A Lutheran Says What?

Sermons and random thoughts on God, the world and the intersection of the two

Distinguished Love Maundy Thursday Year A April 9, 2020

This sermon was preached on April 9, 2020 at Our Saviour’s Lutheran Church in Holladay, UT. It can be views on Our Saviour’s Lutheran Church SLC YouTube Channel. Click the link here. Please subscribe to our channel to catch all the latest worship services and children’s worship.
The texts were:
Psalm 116: 1-2, 12-19
John 13: 1-17, 31b-35

How do people know I am a disciple of Jesus? Do people know that I am a disciple of Jesus? Do people know that we are disciples of Jesus together? When Jesus states with confidence in John 13: 35 that people will know that we are Jesus’ disciples by how we love one another, I always pause a bit. I mean, I want people to know that I strive to follow Jesus, and I want to show love but there is always that little niggle in the back of my brain that says “hmmmm but is that true?” It all seems so good and easy, you know? All I have to do is show love! Ok, well I can do that. Until…it gets complicated. What does love look like? Does it look like me making everyone happy all the time? Does it mean giving away all my time and money to a charity? Does it mean being nice all the time?

I think that Jesus understands that this is not easy for us. Jesus knows that we are very tactile, literally hands on kind of people. Jesus came to be with us to show us love, true love from God. Love that is more than nice gestures, love that is more than nice words, love that well, is more than nice. Jesus in the gospels shows us love that is beyond sentimentality and niceness. Jesus is often neither of those things. Jesus shows us love that set him apart from everyone else, God’s love that is inclusive of all people and yet is very distinguishing.

Jesus’ love challenged the status quo, such as healing the man born blind on the sabbath. Jesus’ love made people uncomfortable such as Nicodemus. Jesus’ love broke social norms such as talking to a Samaritan woman at the well. Jesus’ love called a behavior what it was, such as Judas’ betrayal. Jesus’ love stooped low to wash feet. Jesus’ love stood up to power and privilege as before Pilate. Jesus’ love hung in torture, suffering and died on a cross. Jesus’ love did what needed to be done not for his own comfort, happiness, privilege, or to be nice, but for the compassion, vitality, wholeness, solidarity and fullness of life for us-all of us. Jesus’ love was serious, tenacious and fierce.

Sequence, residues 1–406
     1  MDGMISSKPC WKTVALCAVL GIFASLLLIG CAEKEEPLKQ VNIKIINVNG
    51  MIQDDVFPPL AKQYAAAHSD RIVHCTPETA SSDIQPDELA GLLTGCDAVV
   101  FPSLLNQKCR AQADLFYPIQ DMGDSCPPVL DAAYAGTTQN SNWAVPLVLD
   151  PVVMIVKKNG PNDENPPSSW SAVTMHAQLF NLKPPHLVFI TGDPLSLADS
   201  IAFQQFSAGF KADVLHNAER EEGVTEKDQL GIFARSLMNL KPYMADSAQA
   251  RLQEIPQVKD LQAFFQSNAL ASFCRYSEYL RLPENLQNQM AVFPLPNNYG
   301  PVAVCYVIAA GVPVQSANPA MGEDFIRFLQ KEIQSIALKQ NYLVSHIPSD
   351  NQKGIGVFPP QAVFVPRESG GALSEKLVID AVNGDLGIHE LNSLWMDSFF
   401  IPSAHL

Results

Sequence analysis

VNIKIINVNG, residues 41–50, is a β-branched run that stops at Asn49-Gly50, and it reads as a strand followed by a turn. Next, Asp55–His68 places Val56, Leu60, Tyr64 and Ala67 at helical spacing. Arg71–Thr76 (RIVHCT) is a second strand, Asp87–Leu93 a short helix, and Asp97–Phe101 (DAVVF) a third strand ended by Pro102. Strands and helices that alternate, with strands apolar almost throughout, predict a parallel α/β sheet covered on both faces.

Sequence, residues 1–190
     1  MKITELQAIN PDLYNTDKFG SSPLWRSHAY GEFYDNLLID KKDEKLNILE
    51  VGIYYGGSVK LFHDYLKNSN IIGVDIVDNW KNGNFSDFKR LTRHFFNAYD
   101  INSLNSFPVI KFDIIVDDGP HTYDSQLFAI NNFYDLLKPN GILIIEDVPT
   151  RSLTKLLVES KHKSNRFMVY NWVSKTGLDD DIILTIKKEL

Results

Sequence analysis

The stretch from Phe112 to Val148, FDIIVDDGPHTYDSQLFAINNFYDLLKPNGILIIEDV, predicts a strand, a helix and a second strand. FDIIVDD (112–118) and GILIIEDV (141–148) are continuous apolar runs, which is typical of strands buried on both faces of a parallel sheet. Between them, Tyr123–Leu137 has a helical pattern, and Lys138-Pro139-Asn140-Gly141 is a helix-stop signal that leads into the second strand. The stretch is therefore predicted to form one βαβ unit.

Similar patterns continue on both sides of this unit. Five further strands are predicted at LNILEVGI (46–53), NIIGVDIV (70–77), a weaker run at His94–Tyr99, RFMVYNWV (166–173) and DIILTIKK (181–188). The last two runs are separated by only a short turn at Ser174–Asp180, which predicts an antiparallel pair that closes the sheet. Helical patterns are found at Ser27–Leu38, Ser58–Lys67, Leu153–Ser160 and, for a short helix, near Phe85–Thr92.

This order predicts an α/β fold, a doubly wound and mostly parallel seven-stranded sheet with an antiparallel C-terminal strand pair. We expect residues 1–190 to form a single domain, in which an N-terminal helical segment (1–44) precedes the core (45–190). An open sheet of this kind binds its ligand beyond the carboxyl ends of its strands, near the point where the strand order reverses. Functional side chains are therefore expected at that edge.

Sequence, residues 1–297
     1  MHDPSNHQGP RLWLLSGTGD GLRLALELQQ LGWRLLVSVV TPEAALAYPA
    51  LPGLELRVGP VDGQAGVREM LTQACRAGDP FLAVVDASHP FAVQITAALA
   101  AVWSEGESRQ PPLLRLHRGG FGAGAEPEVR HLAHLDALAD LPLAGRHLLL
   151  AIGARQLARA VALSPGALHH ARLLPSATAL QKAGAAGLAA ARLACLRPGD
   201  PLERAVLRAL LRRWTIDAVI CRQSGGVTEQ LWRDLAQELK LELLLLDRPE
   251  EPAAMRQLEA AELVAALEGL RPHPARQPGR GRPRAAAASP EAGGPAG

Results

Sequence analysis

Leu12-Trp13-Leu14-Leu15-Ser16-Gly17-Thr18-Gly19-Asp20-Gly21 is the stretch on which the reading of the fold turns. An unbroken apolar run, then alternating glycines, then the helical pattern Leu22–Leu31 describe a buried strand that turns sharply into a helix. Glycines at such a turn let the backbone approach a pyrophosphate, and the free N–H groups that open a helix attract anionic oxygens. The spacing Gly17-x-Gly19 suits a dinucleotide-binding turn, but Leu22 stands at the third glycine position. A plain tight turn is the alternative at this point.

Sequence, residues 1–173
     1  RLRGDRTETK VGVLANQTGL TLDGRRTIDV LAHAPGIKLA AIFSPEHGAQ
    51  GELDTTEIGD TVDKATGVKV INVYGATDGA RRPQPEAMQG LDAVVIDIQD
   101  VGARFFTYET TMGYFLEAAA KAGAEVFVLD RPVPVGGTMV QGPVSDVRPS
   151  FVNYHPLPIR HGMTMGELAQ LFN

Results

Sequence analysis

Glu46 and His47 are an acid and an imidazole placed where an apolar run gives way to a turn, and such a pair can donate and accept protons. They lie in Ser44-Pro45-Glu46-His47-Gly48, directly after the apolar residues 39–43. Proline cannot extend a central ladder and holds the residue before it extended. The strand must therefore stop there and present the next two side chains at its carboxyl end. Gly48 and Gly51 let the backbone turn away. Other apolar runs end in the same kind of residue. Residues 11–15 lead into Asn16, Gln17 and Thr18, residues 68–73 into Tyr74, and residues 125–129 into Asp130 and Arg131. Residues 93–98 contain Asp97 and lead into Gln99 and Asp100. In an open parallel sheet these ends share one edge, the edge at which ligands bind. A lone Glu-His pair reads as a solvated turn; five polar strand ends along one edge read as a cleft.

Jesus says that this is the kind of love that will distinguish his disciples, love that holds on, love that is a sacrament-a command that sets God’s people apart so that all people know God’s love. In John’s gospel text, we experience a sacramental meal shaped with deep meaning, seriousness and importance, not for the words, not for the specific food offered, but for the actions. The actions of life-giving love. Jesus washed feet as a servant, but he used his hands with his heart, to show God’s humility, God’s inclusion and God’s mercy to transform small acts into great love. The disciples that were receivers of this love are now to be bearers of this love to the world.

This is the sacrament we celebrate tonight-life-giving, communal love. Jesus commands that our actions distinguish us from the rest of the world, for the sake of God’s transforming love for the world. Distinguishing love that calls us to set aside our own wants and preferences to care for our neighbor. Distinguishing love that says stay home for that sake of those who can’t. Distinguishing love that does what needs to be done for our siblings who are in need of someone standing up and speaking out with them. Distinguishing love that sees the harm from lack of health care and acts to relieve suffering. Distinguishing love that cries out for living wages for families to have housing and food. Distinguishing love that lifts our hands in protest for those not granted equal rights based on skin color, whom they love or where they are from. Distinguishing love that stoops down so that others can know their value. People may not call us nice for this love but we will be called disciples of Jesus, followers of the one who loved to the end, who is with us to the end and out of our ends brings God’s new beginnings of sacrificial love and new life.